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Multisystemic Therapy: A positive and strength-focused use of the peer relationship in effective interventions Zoë Ashmore Gerard Stuart.

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Presentation on theme: "Multisystemic Therapy: A positive and strength-focused use of the peer relationship in effective interventions Zoë Ashmore Gerard Stuart."— Presentation transcript:

1 Multisystemic Therapy: A positive and strength-focused use of the peer relationship in effective interventions Zoë Ashmore Gerard Stuart

2 Multisystemic Therapy (MST) Intensive, community based – aims to keep young person at home, in education, stop offending. 3 teams 5 years ago in UK- now 40+ standard. 1 st team in UK was in Northern Ireland, now 3. Central to the MST treatment model is the MST Analytic Process 9 principles- means that MST is individualised to the needs of the young person and family.

3 Environment of Alignment and Engagement of Family and Key Participants Measure Re-evaluate Prioritize Do Intermediary Goals Intermediary Goals Intervention Development Intervention Development MST Conceptualization of “Fit” MST Conceptualization of “Fit” Assessment of Advances & Barriers to Intervention Effectiveness Assessment of Advances & Barriers to Intervention Effectiveness Intervention Implementation Intervention Implementation MST Analytical Process Referral Behavior Referral Behavior Overarching Goals Overarching Goals Desired Outcomes of Family and Other Key Participants Desired Outcomes of Family and Other Key Participants

4 1.FINDING THE FIT The primary purpose of assessment is to understand the "fit" between the identified problems and their broader systemic context. 2.POSITIVE & STRENGTH FOCUSED Therapeutic contacts should emphasize the positive and should use systemic strengths as levers for change. 3.INCREASING RESPONSIBILITY Interventions should be designed to promote responsible behavior and decrease irresponsible behavior among family members. 4.PRESENT-FOCUSED, ACTION-ORIENTED, & WELL-DEFINED Interventions should be present-focused and action-oriented, targeting specific and well defined problems. 5.TARGETING SEQUENCES Interventions should target sequences of behavior within or between multiple systems that maintain the identified problems. The Guiding Principles of MST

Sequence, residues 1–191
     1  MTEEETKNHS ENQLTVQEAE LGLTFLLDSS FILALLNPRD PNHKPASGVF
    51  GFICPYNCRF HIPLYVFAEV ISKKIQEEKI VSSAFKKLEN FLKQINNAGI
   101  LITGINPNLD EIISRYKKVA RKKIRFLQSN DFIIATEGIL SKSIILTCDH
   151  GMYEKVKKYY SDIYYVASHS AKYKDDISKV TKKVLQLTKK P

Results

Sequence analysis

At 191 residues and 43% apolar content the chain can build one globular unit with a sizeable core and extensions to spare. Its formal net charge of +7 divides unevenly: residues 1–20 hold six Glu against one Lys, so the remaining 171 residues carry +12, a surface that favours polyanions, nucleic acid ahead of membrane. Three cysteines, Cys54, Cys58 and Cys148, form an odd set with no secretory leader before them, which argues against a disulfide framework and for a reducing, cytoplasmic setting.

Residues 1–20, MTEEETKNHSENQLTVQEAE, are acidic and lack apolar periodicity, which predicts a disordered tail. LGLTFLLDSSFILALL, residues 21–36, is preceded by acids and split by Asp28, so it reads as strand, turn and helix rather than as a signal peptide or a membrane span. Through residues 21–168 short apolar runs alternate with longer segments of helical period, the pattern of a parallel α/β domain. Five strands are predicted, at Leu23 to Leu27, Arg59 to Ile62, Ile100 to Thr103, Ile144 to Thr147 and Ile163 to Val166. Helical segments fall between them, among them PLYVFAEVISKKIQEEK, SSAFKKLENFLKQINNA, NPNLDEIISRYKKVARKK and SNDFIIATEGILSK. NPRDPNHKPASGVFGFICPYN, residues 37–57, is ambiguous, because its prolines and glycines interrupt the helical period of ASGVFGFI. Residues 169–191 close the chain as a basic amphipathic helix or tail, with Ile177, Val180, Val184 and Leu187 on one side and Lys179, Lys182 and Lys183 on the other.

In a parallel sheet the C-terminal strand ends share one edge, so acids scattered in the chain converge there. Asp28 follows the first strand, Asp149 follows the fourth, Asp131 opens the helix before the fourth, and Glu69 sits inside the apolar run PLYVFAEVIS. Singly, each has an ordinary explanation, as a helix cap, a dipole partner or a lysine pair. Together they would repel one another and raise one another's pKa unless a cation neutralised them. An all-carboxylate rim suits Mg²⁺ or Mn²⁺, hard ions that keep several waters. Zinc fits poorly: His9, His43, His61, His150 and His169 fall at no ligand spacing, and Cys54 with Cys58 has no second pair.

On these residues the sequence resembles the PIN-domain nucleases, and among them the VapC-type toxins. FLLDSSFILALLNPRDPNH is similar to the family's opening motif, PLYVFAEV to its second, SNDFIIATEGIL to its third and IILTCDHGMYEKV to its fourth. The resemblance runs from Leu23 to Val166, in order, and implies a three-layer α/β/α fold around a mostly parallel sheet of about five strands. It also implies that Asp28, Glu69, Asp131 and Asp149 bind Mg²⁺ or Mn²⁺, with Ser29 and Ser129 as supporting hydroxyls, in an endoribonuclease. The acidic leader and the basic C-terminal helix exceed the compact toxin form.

5 6. DEVELOPMENTALLY APPROPRIATE Interventions should be developmentally appropriate and fit the developmental needs of the youth. 7.CONTINUOUS EFFORT Interventions should be designed to require daily or weekly effort by family members. 8.EVALUATION AND ACCOUNTABILITY Intervention efficacy is evaluated continuously from multiple perspectives with providers assuming accountability for overcoming barriers to successful outcomes. 9.GENERALISATION Interventions should be designed to promote treatment generalization and long-term maintenance of therapeutic change by empowering care givers to address family members’ needs across multiple systemic contexts. The Guiding Principles of MST (cont’d)

6 Single therapist working intensively with 4 to 6 families at a time (not individuals) “Team” of 3 to 4 therapists plus a supervisor 24hr/ 7 day/ week team availability 3 to 5 months is the typical treatment time (4 months on average across cases) Work is done in the community, home, school, neighborhood etc. (not office-based) How is MST Implemented?

7 MST staff deliver all treatment – typically no services are brokered/referred outside the MST team Never-ending focus on engagement and alignment with the primary caregiver and other key stakeholder (e.g. Social Services, school etc.) MST staff must be able to have a “lead” role in clinical decision making for each case Highly structured weekly clinical supervision and Quality Assurance (QA) processes How is MST Implemented? (cont’d)

8 Systems Theory (von Bertalanffy 1968) Social Ecological Theory (Bronfenbrenner 1979) Causal Model of Delinquency (Elliott et al 1985) Strategic Family Therapy (Haley 1976) Structural Family Therapy (Minuchin 1974) MST Theory of Change (Henggeler et al 2009) MST draws from research-based treatment techniques: Behaviour Therapy Parent Management Training Cognitive Behaviour Therapy (CBT) Pharmacological Interventions (e.g. for ADHD) Theory and Models

9 Home & Family CHILD Immediate Community/ Neighbourhood School Play / Leisure Health Church Peers / Friends TV Advertising Computer / Internet Whole Child Model Adapted from Bronfenbrenner’s Ecological model of the Environment Community and Voluntary Organisations Extended Family Police LAW – International / Domestic Including Rights Housing Workplace School Management Local Neighbours Local Media Family Friends Local Statutory Agencies Mass Media Ideology Advertising All Government Departments and Policies Culture Information Technology

10 Changing Relations with Peers 10 MST Theory of Change MST Improved Family Functioning Peers School Reduced Antisocial Behavior and Improved Functioning Community

11 MST Evidence Base 30+ years of research including 20 RCTs, 11 independent evaluations Long term studies at 14 & 22yrs showing 33% fewer days spent in custody, 37% less family dispute costs. (Schaeffer & Borduin (2005) Sawyer and Borduin (2011)) In Norway 2 year follow up, more effective than usual services at reducing out of home placements (Ogden & Hagen (2006)) Brandon centre RCT compared MST /YOS – greater reductions in non-violent offending after 18 mths Butler et al (2011) Outcomes linked to fidelity to MST model (Henggeler et al (1997) Ogden and Halliday- Boykins (2004)) Start trial began 2010 RCT for 684, reporting Spring 2014 NICE guidelines, March 2013 for conduct disorder and anti-social behaviour recommend MST for 11 to 17 yr olds